Megan Drysdale, a recruiter at Mahlab, says the main attraction for London firms these days is quality. "The bar has been raised," she says. "You will most likely need to come from a top firm - your academic credentials will be impeccable, your training strong."

Sadly, Drysdale can't see many lawyers from mid-tier firms finding openings in the current London market. "I can't see these lawyers having the opportunities they had over the last two to three years," she says.

According to some Magic Circle firms, however, the notion the market is dead is not necessarily true. Annette Kurdian, a partner at Linklaters, says their clients are quieter now than recent years, but the work is still there. "Even though the City is quieter as a whole, there is still quite a bit going on and some areas remain extremely busy."

In fact, says Kurdian, the firm's commitment to graduate recruitment is stronger than it has been in years. "We are taking more students this year than we ever have before," she said.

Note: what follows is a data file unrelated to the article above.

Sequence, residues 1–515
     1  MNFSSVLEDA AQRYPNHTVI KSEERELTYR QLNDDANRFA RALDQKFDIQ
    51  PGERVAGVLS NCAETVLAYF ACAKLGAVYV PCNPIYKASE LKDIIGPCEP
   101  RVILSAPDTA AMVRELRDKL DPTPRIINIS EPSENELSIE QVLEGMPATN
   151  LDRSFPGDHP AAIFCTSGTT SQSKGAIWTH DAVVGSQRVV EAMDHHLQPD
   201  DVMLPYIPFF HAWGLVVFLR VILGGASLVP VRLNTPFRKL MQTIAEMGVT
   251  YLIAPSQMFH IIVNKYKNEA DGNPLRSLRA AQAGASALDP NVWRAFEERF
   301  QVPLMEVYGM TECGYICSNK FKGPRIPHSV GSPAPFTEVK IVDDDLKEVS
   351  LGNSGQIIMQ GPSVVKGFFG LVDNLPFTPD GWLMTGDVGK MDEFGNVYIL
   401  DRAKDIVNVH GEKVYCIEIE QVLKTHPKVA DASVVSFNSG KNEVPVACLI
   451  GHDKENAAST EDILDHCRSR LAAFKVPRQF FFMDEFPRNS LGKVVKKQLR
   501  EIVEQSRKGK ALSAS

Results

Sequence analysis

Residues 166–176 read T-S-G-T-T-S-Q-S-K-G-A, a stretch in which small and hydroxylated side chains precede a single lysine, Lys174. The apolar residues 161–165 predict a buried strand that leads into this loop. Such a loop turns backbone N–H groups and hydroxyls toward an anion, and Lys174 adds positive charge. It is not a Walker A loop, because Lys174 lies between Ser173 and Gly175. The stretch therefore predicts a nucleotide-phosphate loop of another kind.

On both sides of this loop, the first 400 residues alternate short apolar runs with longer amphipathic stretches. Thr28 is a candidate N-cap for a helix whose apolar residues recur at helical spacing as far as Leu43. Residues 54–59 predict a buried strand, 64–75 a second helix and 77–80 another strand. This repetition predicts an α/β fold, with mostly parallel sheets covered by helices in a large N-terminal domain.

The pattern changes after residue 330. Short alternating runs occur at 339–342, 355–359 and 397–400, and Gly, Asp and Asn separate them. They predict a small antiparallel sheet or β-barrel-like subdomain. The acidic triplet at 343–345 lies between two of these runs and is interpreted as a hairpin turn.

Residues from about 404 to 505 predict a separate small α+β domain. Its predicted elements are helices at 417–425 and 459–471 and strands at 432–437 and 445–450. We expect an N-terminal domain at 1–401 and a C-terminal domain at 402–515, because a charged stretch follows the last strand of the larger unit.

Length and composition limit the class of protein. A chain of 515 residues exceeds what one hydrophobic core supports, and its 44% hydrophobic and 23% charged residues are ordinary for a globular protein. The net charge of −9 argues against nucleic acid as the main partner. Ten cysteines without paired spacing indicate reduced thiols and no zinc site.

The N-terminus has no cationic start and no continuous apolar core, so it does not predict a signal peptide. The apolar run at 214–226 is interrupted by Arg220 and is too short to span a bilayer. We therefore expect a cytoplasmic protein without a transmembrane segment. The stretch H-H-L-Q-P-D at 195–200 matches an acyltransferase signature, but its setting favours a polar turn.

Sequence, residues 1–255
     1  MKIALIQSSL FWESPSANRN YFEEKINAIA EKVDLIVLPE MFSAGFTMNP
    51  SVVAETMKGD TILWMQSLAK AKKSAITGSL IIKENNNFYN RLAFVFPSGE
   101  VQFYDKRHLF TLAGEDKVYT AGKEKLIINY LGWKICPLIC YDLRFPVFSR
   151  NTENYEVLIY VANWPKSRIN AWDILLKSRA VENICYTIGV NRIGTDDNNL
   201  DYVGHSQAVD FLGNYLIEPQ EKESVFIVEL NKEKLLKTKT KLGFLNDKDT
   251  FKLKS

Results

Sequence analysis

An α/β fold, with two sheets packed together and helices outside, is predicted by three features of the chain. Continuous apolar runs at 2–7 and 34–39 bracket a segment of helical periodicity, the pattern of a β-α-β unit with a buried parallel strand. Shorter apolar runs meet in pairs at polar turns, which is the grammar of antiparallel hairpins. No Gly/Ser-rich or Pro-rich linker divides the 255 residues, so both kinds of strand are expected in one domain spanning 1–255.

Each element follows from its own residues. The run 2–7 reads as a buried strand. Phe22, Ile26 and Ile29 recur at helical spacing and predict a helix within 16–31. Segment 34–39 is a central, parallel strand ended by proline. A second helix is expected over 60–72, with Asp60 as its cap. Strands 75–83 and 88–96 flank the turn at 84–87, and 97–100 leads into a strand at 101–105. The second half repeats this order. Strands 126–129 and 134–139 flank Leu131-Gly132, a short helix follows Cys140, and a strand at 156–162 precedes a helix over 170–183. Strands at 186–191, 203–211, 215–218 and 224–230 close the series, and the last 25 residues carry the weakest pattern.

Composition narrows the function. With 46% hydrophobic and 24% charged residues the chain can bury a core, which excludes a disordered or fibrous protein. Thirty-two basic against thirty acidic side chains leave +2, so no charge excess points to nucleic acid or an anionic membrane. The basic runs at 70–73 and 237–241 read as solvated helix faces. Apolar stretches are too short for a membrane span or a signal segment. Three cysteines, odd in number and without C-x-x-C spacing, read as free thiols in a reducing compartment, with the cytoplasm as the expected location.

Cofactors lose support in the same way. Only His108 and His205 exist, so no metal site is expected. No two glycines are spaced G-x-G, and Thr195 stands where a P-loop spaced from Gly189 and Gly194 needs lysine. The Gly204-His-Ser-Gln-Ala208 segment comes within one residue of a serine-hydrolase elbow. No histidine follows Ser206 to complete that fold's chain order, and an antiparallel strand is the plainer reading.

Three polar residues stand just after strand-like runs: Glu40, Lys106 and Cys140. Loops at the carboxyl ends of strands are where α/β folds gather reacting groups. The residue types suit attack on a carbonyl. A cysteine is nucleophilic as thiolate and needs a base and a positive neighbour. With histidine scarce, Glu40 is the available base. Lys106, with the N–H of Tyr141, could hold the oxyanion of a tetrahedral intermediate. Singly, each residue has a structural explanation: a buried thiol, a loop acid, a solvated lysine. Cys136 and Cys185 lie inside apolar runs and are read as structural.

Emma Lim, recruitment manager at Simmons & Simmons, says there's no doubt that the market is tougher now than last year for job seekers, but success can be reaped from those at the top of their game. "There are always opportunities for outstanding candidates and, in particular, those working in specialist areas such as funds."

Some cards to play

Meanwhile, Maurice Allen, a partner at Freshfields, is a little more pessimistic about the current state of recruitment. He says firms are no doubt being cautious as the fallout from the credit crunch takes hold, and firms are seeing less movement of their talent.

But to say the market is dead, he says, is an overstatement: "Even in difficult times Aussie lawyers have some cards to play," he says. "Tending to be more generalist, they are less prone to finding that what they do disappears."